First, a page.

First work on the TBR was done in the Burma Sector perhaps as early as June 1942. There were two early arriving POW groups. One was British soldiers who had escaped from Singapore but were captured on Sumatra. Known appropriately as the British Sumatra Battalion these 500 were the only British POW to work this Sector. The second group known as A Force consisting of about 3000 Australians arrived in May 42 from Java. Almost all of the POWs who were sent to Burma came from the island of Java. There were approximately 5500 Dutch, 5000 Australian and 700 US POWs. There was, of course, the “Sweat Army”. These native Burmese would eventually number as many as 100,000, but due to frequent desertions, there were never that many at any one time.
One problem in this Sector was a shortage of iron rails. Work proceeded rapidly to lay the foundation for the railway while IJA Engineers were busy in Malaya looting the rails that would eventually be shipped to Burma along with some rolling stock.
Geographically, there were similarities and differences between the two Sectors. Both can be seen as consisting of two different terrain areas: Lowlands and Highlands. The first 80 or so kilometers out of Thanbyuzayat to Apalon were over relatively flat unobstructed terrain. The rise into the Highlands was much more gradual than on the Thai side. But the border area over the next 20 Kms consists of a series of mountain ranges that run north-south, across the path of the Railway. The work crews in this area spent much of their time building bridges over the rivers that run in the valleys between those mountains. The longest bridge is the famous one at ThaMaKam, but the next four biggest are in these Highlands, including the only other iron bridge at Apalon.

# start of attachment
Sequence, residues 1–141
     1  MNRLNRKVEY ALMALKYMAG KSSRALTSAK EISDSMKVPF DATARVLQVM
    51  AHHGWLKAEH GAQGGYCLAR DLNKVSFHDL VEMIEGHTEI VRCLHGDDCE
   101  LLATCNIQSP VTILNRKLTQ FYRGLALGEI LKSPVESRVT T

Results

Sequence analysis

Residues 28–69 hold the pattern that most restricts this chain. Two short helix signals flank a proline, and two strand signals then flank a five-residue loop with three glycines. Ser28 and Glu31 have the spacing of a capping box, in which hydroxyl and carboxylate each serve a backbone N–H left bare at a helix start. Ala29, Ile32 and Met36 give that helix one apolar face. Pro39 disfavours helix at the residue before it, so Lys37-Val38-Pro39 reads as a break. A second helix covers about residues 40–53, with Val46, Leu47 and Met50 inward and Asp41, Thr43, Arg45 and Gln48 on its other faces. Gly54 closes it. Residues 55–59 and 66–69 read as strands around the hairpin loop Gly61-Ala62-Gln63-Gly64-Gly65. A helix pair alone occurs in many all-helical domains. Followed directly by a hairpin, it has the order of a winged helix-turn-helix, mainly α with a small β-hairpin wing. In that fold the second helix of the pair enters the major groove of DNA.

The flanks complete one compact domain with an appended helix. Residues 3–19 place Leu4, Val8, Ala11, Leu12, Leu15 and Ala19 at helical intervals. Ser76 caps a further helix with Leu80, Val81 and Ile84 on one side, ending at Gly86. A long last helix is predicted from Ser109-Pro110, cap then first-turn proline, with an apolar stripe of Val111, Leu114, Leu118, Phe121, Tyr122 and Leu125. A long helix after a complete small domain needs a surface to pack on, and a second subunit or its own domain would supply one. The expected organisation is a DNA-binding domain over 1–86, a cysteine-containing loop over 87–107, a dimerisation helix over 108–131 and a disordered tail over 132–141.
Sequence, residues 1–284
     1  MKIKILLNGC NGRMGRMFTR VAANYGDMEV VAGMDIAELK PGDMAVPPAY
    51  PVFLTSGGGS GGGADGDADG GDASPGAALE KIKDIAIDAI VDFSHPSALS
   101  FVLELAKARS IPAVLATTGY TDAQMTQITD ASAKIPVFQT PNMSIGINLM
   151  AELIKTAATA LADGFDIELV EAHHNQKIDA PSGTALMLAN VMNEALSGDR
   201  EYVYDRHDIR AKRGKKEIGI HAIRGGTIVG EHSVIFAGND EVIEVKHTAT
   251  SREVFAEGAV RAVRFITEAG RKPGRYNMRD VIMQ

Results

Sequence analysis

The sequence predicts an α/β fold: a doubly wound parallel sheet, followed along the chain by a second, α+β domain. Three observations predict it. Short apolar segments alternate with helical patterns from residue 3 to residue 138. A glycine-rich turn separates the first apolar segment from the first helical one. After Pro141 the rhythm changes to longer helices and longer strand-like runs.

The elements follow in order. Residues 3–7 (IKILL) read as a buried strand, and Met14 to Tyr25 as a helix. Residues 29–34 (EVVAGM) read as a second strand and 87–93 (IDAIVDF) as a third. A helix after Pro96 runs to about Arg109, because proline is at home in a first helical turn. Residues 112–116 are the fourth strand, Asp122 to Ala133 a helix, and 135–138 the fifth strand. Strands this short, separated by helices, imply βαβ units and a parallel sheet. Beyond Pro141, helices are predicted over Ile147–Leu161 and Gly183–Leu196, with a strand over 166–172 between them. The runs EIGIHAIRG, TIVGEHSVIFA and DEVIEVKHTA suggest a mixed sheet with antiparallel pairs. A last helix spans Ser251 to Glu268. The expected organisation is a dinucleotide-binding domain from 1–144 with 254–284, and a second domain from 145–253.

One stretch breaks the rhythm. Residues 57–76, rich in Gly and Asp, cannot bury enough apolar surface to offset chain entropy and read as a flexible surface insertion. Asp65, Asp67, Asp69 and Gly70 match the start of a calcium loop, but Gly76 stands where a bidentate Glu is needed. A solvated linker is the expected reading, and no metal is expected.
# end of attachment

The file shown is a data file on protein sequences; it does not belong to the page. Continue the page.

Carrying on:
Crossing the Burmese Lowlands was easier than in Thailand in that there were no limestone outcroppings barring the way; therefore no cuttings were needed. Also, the rise into the Highlands was more gradual so no long trestles were needed. Work just proceeded slowly because of the rugged terrain and lack of rails.
Even today, this area of Burma has no large population centers. The mountains were rugged, virgin jungle. With no roads nor rivers for supply routes, conditions in these Highlands camps were some of the worst of any on the Railway.
The outbreak of cholera in the Thai Sector near the border brought work there almost to a halt. Fortunately, due to the lack of contact across the border the workers in Burma were spared the worst of the cholera although there were small outbreaks and some deaths. Once the outbreak had subsided, work crews from Burma crossed over to lay the final tracks to the meeting point at Konkoita in Oct 1943.
The Thai Sector of the Railway overseen by the 9th Railway Regiment was much more complicated and considerably longer. Only about 140 of the 415 km length of the Railway was overseen by the 5th Regiment as the Burma Sector. The Thai portion can also be divided into Highlands and Lowlands but it also had a transition area between them in the Hintok area just beyond HellFire Pass.
Even the Lowlands portion had three distinct sections. Thai contract workers began laying track ay NongPlaDuk in September 1942. By November, they had completed the 50km section as far as Kanchanaburi. The entire IJA HQ and support staff then moved from BanPong to Kanchanaburi. Here they faced the first formidable obstacle: the Mae Klong River. It took the engineers some time to locate a suitable crossing point a few kilometers north of the walled city at ThaMaKam where the river bed could support a bridge. Other possible crossing points to the east were too unstable or too prone to flooding. That is why the tracks make a 6 km U-turn near the city. Soon thereafter, a group of British POWs was brought up from NongPlaDuk under the command of British LtCol Toosey. In Jan 1943, a few thousand Dutch were added to that work crew. Compared to all the others, these men enjoyed a relatively benign existence. It is said that only a few dozen died during the construction of the bridges; many due to injuries or mistreatment as opposed to disease or malnutrition. The iron bridge was completed by mid-April. The iron portion had been looted from Java and shipped via Bangkok to be reconstructed at ThaMaKam.